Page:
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Solving the case of the disappearing coworker

Coach's Corner--May 18, 2009

The Client
Name: Doris 
Age: 49
Title: Senior IT analyst
Industry: Local government
Issue: Dealing with unreliable coworker

Q. I have a co-worker who leaves early every day and is frequently away from his desk during the course of the day. We get along very well; however, I'm getting angry about covering for him. When I talk to him, he straightens up for a bit and then is back to his old ways. My management doesn't handle these things directly or effectively, and I'm not sure what to do.

A. Clarify your responsibility and focus on getting through to him about the consequences of his behavior.

The inner game
Get past your anger. Figure out what is underlying it. You may feel taken advantage of, afraid for him, annoyed that he hasn't taken your advice or concerned that your role in protecting him puts you at risk with management. Shift to a positive or neutral emotion, such as compassion or curiosity. You'll have more energy for a constructive conversation with him.

Understand your past choices. Why have you taken on the role of protector? Focus on understanding what you're getting out of covering for him. Perhaps you need to be needed, like to be the hero or victim, or maybe the situation just crept up on you. This may not be a simple question -- if necessary, talk to a counselor or other professional.

Know what outcome you'd like. Just having him be at work and doing his job would probably be a good starting point. Look deeper than that and know what type of working relationship you'd like to foster. Also think about what you'd like from management. Many of these aspects are outside of your control; however, knowing your hopes will help you influence the people around you.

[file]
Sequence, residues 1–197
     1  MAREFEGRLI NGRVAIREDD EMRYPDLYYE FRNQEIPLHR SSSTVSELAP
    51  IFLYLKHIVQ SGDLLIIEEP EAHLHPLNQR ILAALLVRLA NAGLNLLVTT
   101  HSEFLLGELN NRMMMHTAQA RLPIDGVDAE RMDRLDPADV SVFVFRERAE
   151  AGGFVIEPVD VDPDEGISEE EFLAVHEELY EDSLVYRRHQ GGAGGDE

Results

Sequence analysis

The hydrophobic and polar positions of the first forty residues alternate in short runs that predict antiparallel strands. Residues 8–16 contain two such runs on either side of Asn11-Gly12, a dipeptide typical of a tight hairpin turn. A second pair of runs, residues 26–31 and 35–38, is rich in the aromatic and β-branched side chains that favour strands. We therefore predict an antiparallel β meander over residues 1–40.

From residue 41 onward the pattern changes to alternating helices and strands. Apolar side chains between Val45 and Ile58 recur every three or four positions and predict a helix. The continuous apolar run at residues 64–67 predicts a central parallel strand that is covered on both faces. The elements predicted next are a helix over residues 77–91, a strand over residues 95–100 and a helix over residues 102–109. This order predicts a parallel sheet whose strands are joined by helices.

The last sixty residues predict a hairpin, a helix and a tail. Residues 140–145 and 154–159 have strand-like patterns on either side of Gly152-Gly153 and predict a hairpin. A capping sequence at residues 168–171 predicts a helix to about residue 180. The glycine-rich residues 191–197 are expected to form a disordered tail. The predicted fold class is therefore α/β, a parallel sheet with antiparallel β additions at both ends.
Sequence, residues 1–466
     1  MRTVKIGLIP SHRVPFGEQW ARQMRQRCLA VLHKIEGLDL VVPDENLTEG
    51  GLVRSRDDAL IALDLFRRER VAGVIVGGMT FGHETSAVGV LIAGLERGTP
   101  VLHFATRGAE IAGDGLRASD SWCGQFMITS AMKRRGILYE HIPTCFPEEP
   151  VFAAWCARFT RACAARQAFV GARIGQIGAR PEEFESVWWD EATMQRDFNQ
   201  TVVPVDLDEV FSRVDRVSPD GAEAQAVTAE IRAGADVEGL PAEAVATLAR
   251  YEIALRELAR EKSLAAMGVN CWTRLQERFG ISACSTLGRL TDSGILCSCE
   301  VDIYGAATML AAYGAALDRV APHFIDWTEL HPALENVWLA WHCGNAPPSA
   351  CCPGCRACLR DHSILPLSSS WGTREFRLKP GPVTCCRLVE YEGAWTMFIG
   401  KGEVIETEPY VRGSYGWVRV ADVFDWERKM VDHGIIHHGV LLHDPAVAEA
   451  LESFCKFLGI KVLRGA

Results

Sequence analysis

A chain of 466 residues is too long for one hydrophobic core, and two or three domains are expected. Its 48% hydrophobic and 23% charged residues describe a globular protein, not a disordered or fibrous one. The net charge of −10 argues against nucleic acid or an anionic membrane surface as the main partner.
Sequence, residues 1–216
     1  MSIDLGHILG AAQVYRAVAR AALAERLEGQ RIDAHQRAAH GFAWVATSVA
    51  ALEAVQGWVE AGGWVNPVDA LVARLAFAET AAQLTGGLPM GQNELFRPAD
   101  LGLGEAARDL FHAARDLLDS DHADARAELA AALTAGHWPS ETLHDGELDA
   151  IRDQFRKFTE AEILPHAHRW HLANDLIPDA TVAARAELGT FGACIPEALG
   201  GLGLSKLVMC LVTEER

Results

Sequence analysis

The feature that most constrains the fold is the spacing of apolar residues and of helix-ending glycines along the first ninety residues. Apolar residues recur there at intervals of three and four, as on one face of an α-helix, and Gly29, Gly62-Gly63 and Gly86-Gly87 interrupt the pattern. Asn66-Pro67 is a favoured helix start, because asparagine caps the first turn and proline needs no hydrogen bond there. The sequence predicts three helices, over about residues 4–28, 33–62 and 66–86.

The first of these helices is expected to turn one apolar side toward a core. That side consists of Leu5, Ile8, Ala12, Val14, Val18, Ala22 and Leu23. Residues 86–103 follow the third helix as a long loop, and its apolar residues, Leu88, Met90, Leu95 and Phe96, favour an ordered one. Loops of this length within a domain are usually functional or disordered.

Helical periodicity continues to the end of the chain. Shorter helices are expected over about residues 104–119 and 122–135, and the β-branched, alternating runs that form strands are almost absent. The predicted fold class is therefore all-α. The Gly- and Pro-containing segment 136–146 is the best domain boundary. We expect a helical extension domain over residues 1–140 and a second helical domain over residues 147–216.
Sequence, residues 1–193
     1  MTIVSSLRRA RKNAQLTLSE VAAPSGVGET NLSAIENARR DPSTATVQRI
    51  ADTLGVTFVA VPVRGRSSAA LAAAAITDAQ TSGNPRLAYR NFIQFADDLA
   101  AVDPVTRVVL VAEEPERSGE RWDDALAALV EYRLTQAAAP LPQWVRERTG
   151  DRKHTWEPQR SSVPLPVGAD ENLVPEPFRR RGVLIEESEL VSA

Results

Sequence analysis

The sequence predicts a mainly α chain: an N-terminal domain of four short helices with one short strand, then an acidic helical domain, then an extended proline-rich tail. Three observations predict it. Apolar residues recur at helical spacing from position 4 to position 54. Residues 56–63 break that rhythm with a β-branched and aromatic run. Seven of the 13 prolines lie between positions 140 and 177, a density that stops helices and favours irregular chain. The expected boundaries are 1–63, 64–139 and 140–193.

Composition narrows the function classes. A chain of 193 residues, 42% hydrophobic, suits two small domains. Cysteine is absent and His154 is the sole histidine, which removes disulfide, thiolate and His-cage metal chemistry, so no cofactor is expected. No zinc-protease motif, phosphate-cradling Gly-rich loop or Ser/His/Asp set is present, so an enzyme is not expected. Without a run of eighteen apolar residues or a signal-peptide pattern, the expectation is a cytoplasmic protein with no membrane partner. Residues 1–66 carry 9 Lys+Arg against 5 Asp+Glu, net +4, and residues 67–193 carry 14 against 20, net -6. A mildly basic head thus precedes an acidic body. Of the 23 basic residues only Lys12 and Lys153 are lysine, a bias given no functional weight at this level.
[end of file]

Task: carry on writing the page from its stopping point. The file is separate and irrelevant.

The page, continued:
The outer game
This situation begs for accountability on the part of everyone involved -- you, your co-worker and management. Focusing on your accountability, here are some steps to consider.

Plan your approach. Talk with your co-worker; you can always go to management later if you choose. Find a time when you aren't angry with him. Since you are ratcheting up your feedback from past conversations, get clear on your key message.

Provide direct feedback. A behavior-based feedback model would fit well here. For example, "When you slip away from work early, our manager asks me where you are. When I have to cover for you, I feel uncomfortable and angry." Then, point out the consequences for him if you quit covering or aren't able to cover -- even the risk of losing his job in this market.

Promise your support. Here's where managing your anger will help. You don't want to go from being an ally to throwing him to the wolves. Engage him in ways to change, and offer your support for his new behaviors. Expect some pushback, though; you may have to follow through on letting him experience the consequences of his choices before you get through to him. This likely won't be easy for you, either, so prepare yourself to be strong.

The last word
Help your co-worker and yourself by holding him accountable for his actions, while also providing the right amount of support.

Liz Reyer, President RCC - Posted May 17, 2009
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